Handling your logic with composable functions makes your code declarative, leading to code that's easy to read and easy to test. Breaking that up to wrap some risky function in a
try/catch block introduces imperative code and makes it harder to maintain that declarative approach. With Ramda's
tryCatch function, you can handle errors right in the middle of a composition and leave your code clean and functional. We'll also see how you can use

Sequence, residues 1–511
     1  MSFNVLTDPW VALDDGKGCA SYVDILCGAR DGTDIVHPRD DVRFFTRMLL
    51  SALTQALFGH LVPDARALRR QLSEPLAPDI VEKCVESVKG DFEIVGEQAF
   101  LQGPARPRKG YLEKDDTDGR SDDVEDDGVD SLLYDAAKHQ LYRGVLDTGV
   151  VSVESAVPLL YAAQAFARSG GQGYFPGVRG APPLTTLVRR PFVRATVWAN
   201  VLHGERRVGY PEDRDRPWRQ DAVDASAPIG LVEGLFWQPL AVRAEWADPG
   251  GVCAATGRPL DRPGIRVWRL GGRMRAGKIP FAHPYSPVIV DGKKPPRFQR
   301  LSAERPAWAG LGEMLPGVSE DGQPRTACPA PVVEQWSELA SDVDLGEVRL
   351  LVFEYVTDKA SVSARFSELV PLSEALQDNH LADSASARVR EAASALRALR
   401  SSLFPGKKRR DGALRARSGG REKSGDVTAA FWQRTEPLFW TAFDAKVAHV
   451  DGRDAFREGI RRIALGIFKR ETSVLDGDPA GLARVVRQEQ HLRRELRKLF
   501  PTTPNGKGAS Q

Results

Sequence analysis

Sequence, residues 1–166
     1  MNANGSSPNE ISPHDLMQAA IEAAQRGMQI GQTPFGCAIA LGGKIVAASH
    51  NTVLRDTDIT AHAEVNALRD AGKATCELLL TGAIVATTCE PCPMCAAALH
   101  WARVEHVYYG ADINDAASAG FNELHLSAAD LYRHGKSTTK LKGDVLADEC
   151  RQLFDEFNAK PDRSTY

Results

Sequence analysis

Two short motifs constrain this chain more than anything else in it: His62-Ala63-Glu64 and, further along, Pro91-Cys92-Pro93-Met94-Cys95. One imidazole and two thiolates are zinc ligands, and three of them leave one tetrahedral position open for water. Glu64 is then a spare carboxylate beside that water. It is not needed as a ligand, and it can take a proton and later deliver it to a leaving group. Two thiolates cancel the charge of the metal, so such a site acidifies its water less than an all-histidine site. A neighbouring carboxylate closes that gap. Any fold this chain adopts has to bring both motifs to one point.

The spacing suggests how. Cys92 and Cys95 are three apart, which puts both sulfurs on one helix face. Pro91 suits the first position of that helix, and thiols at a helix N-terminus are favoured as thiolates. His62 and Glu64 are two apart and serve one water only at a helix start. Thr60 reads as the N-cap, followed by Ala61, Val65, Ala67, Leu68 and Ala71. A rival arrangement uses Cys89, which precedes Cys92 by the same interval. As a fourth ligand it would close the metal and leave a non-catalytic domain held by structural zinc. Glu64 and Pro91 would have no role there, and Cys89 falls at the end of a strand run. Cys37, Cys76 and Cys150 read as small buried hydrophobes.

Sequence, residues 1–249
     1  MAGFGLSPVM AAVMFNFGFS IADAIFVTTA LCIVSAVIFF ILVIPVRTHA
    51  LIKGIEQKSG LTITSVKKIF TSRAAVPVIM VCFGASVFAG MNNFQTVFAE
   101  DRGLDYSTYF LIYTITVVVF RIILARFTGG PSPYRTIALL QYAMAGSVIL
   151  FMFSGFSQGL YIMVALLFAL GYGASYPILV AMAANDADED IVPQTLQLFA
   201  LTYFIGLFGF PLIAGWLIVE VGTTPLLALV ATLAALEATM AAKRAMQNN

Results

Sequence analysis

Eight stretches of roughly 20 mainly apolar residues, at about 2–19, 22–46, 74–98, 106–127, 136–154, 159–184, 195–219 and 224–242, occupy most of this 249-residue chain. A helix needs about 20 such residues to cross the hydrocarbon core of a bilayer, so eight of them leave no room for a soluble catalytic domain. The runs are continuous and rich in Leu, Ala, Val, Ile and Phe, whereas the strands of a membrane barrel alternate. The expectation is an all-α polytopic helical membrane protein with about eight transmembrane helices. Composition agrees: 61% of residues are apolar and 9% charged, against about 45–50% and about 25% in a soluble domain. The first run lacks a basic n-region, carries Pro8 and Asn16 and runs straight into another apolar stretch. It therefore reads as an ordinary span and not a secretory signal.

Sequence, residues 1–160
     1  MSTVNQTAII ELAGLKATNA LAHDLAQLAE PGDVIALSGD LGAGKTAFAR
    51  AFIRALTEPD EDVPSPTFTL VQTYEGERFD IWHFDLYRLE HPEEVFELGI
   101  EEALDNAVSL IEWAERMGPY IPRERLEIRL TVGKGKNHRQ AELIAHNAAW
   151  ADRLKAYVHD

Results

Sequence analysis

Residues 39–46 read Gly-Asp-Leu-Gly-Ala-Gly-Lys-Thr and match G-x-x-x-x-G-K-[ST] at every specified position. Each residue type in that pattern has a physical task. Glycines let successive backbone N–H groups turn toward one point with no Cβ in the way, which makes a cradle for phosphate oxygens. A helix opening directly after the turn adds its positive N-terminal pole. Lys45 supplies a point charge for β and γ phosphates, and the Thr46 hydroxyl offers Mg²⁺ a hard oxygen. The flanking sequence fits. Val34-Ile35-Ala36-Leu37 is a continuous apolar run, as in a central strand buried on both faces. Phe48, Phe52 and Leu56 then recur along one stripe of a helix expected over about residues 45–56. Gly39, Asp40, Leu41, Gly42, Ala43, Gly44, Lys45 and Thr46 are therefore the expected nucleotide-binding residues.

propOr to avoid common "cannot find X of undefined" errors.
Maybe due to an evolution of the library (I'm using "ramda": "^0.25.0")
prop function doesn't raise error when provided
undefined or an object with an undefined targeted property, so the
tryCatch won't catch anything. And the error will occur on
Here is a working example:
const getName = R.prop("name") const getUpperName = R.pipe( getName, R.tryCatch(R.toUpper, R.always("DEFAULT")), )
@Sébastien: good point, and I believ that this error throwing was a bug.
propOr should now work like
pathOr and respond with an
undefined instead of a new error when given bad data.